We recommend starting your day in The Fresh Market Café with a cup of hot coffee and maybe a muffin to warm up after the chilly trek in from the parking lot. From there, take some time to explore the museum while you wait for the temperatures to warm up. Starting in the lower level of the museum, check out some amazing reptiles and amphibians – from an ancient alligator snapping turtle to colorful (and quick) dart frogs, there are a variety of animals to learn about and enjoy. Don’t miss a visitor favorite – the two-headed turtle!

Triceratops in the Dinosaur Gallery


Upstairs, you’ll have the chance to enter an ancient world as you stand next to a T. rex, stegosaurus and triceratops in the dinosaur gallery. Check out some amazing fossils from different eras in our planet’s history and watch some entertaining and educational short videos featuring Indiana Bones!

In the Extreme Weather Gallery, you can experience all types of extreme weather… including bitter cold… without setting food outside! Grab a Category 5 hurricane with your bare hands, attract electricity as you reach for lightning and feel the force of a tornado as you explore the fury and fun of Mother Nature.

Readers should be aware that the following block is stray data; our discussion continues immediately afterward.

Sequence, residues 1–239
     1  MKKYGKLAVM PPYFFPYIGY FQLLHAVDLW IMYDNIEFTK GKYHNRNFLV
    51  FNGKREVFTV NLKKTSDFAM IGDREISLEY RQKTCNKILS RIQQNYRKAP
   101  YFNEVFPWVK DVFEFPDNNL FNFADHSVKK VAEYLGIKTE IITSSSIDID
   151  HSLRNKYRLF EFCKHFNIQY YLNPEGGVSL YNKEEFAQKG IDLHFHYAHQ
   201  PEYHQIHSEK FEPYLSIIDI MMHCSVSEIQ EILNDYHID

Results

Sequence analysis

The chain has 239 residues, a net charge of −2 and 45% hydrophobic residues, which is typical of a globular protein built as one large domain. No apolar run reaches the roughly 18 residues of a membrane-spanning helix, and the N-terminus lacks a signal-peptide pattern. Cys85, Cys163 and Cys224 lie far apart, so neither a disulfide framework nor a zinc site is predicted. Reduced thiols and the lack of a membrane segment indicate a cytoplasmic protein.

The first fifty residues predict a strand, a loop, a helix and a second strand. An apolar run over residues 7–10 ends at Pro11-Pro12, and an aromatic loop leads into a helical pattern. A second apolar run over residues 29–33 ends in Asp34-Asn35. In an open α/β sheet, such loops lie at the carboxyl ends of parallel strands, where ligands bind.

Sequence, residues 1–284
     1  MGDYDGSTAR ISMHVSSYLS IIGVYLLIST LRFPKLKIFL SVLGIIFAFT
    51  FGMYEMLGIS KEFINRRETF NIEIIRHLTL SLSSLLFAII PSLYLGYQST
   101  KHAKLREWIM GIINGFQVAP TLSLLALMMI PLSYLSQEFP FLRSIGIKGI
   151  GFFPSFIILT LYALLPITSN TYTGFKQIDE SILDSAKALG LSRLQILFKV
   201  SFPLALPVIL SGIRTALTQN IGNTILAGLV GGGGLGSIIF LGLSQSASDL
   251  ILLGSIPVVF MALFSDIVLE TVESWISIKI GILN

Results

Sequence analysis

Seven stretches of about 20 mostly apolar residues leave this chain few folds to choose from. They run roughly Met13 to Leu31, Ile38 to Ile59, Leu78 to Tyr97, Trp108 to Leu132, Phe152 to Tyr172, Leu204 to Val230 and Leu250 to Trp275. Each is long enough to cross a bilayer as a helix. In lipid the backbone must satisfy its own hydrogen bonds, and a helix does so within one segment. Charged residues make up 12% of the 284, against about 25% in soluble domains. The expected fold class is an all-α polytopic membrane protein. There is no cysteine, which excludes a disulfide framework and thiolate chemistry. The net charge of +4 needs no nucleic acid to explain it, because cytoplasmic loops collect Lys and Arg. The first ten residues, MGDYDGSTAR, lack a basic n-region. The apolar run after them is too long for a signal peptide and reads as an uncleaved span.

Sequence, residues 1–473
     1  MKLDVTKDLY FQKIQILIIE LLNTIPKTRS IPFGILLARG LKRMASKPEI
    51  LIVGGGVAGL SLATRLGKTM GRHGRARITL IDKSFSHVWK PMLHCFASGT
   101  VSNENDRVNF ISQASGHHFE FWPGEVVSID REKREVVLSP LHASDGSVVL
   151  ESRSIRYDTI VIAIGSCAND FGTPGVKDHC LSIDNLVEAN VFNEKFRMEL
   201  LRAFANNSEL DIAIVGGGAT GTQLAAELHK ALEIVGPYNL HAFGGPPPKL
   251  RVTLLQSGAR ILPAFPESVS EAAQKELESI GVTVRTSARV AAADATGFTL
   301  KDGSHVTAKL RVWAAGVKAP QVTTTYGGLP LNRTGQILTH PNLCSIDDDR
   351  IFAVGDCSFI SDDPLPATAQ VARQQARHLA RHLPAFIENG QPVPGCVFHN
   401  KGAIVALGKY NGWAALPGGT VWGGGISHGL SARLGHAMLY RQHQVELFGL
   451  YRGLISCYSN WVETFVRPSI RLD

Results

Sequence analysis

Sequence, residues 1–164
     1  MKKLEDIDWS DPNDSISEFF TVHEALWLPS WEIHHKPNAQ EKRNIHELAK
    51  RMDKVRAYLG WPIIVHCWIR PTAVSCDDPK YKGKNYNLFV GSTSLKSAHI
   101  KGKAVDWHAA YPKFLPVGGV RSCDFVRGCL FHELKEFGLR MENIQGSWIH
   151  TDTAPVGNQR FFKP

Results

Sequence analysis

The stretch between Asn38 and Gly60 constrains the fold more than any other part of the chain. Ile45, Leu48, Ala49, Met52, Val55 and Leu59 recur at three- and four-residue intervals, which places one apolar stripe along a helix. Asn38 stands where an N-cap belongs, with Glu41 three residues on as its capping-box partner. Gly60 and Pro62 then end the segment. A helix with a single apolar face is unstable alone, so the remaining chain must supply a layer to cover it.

In HealthQuest, you can explore your insides with entertaining and educational interactive experiences. Pick a giant nose, smell intestinal gas and force vomit from a gut… all in the name of science, of course. After learning about how the choices you make effect your health, take a break for a nutritious lunch at The Fresh Market Café.

In the afternoon, if the chill doesn’t keep you indoors, make your way out to Animal Discovery Zoo. Keep in mind as you’re visiting that if it’s really chilly, many animals may be in the indoor part of their exhibits. Several species are just like you; they don’t want to be outside in these cold temperatures all day. Many of our animals enjoy access to their heated homes and some – like crocodiles and tortoises – will stay inside all winter for their safety…. they simply weren’t made to withstand cold temperatures.